Director de l’Institut Montaigne,
a European-focused independent
French think tank
When a company the size of Orange defines its purpose, it demonstrates a significant shift in the way economic agents see their role in global society. It is possible that Orange’s initiative to include its purpose in its bylaws could encourage other companies in France, Europe and around the world to do the same. Today, all businesses need to strongly define and demonstrate their commitment to society and the environment. There is no need for restrictive top-down legislation applied only by a few governments – indeed this kind of approach tends to suffocate competition. The only way to drive change is for companies to take action and increase awareness.
Orange’s purpose addresses one of the key challenges we are facing in today’s world, that of trust. Traceability, transparency and security are essential considerations in an era when mistrust in institutions, businesses and each other is growing and people are all too keen to turn to social media to express their opinion, often with vitriol. Digital technology is a double-edged sword. While it can bring about exceptional progress that improves well-being, health, justice and democracy for humanity the world over, it has a dark, sometimes scary side that can appear both uncontrolled and uncontrollable. In this context, the fact that a major European provider of inclusive digital services like Orange has stated its intention to become a trusted partner represents a significant commitment that is exceptionally important for the future of our society.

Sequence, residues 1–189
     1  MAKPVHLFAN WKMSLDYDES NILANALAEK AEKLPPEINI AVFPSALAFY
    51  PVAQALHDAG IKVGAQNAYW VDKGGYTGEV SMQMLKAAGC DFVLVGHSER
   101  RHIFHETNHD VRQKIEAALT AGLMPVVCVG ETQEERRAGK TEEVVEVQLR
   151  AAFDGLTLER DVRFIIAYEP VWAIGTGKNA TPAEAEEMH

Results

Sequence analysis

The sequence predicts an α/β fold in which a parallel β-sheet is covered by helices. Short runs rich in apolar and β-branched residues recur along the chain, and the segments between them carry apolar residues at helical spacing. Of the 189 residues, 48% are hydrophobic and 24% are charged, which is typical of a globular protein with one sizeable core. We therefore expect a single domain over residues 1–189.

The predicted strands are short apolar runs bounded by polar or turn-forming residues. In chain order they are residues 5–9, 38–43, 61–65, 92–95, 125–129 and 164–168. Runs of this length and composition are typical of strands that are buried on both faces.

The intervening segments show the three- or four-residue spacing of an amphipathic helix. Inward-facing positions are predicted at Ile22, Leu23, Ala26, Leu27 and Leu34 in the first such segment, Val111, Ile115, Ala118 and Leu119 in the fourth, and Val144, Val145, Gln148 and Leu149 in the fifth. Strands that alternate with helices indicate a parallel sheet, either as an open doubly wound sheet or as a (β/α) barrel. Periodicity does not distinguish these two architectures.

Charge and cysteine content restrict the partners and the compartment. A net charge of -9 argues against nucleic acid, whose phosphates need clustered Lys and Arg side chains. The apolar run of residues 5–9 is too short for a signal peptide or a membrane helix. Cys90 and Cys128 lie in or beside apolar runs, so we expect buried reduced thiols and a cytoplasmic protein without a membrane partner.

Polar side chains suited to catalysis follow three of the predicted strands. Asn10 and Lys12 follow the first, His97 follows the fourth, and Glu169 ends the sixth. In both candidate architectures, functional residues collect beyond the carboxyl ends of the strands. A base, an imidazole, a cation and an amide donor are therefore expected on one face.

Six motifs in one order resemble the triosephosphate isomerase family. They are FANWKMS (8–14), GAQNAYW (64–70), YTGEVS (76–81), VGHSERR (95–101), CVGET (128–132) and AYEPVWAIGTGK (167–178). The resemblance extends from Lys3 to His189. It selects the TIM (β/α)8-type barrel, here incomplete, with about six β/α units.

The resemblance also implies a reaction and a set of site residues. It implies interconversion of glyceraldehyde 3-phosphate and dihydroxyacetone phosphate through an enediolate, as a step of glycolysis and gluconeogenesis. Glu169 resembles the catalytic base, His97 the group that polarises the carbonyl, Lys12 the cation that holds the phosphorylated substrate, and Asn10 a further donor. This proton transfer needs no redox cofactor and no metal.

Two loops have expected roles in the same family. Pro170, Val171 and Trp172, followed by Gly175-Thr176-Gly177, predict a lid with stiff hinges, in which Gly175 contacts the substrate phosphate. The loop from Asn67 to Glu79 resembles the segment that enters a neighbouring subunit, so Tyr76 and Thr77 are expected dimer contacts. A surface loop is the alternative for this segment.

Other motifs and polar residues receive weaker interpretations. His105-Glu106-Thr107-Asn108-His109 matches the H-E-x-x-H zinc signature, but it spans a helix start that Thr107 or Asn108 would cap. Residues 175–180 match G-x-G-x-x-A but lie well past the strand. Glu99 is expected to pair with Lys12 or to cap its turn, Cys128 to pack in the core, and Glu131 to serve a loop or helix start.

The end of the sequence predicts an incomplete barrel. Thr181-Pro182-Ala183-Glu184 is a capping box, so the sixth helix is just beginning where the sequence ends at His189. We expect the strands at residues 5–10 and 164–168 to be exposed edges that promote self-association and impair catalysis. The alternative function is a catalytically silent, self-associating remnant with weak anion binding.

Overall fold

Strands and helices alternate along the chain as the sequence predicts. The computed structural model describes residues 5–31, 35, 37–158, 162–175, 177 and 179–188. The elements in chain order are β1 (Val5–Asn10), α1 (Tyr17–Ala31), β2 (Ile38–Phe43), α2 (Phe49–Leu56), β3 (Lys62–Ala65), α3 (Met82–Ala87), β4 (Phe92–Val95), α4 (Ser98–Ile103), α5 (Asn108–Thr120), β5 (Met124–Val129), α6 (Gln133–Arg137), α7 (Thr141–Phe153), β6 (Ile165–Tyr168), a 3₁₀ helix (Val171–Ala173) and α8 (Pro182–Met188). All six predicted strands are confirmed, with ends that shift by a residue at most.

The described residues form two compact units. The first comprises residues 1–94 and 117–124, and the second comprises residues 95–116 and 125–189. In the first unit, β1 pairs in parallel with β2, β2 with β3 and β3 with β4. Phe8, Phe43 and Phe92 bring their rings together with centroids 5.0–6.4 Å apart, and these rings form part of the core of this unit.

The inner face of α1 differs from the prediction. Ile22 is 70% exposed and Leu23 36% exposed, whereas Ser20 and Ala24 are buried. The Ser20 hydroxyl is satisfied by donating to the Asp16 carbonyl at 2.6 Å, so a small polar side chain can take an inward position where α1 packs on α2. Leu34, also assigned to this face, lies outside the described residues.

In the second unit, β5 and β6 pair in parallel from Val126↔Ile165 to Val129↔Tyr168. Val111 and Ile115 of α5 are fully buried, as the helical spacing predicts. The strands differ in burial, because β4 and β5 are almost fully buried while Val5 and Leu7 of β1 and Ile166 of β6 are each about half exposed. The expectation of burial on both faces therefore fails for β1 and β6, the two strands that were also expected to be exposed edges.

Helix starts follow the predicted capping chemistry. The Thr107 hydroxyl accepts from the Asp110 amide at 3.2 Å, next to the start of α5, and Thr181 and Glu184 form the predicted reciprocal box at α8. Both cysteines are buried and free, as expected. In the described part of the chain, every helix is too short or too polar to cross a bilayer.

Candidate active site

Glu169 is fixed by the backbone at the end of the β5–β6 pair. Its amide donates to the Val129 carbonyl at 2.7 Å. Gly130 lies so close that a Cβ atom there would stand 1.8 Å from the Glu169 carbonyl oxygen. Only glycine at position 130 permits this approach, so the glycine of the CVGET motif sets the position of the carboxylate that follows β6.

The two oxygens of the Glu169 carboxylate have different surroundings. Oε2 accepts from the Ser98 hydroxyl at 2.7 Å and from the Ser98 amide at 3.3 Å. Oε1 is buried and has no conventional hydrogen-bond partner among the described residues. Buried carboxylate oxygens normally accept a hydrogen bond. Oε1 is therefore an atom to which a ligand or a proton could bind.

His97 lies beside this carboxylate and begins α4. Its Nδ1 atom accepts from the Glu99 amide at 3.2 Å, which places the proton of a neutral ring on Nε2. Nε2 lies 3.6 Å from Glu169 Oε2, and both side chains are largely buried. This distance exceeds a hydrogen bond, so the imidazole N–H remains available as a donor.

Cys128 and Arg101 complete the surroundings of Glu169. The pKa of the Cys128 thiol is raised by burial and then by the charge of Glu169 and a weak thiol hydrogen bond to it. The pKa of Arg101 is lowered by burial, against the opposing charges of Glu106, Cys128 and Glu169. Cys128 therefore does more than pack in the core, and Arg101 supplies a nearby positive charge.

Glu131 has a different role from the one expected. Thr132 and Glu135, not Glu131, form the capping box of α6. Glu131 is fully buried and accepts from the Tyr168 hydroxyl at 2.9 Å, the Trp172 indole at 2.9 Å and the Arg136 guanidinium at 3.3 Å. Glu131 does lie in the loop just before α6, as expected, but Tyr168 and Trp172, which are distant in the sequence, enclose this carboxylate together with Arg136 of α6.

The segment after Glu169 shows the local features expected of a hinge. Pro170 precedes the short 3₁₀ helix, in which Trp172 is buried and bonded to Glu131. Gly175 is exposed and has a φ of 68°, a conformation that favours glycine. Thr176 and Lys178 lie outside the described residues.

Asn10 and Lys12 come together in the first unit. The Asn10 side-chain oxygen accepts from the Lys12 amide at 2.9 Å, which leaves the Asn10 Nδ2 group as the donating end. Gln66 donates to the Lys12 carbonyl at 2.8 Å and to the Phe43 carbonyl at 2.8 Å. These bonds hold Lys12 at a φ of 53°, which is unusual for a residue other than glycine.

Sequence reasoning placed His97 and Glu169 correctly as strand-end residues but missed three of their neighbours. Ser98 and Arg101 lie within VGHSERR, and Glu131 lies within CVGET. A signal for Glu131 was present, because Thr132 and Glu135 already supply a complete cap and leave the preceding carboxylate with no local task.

We hope Orange will continue to reinforce its position as a force for economic good and take on an active role as a major driver of digital transition in France, Europe and the world. We are also relying on Orange to adapt its action to suit local priorities and different regional realities as well as a full range of needs across all generations.
“Taking an inclusive design approach to innovation.”